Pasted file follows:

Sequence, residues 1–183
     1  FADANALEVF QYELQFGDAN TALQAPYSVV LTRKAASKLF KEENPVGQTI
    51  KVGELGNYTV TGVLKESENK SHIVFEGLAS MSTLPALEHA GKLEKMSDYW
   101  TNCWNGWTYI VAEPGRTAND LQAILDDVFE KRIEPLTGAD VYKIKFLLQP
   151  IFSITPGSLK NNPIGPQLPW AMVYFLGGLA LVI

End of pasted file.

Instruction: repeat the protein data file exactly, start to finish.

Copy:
Sequence, residues 1–183
     1  FADANALEVF QYELQFGDAN TALQAPYSVV LTRKAASKLF KEENPVGQTI
    51  KVGELGNYTV TGVLKESENK SHIVFEGLAS MSTLPALEHA GKLEKMSDYW
   101  TNCWNGWTYI VAEPGRTAND LQAILDDVFE KRIEPLTGAD VYKIKFLLQP
   151  IFSITPGSLK NNPIGPQLPW AMVYFLGGLA LVI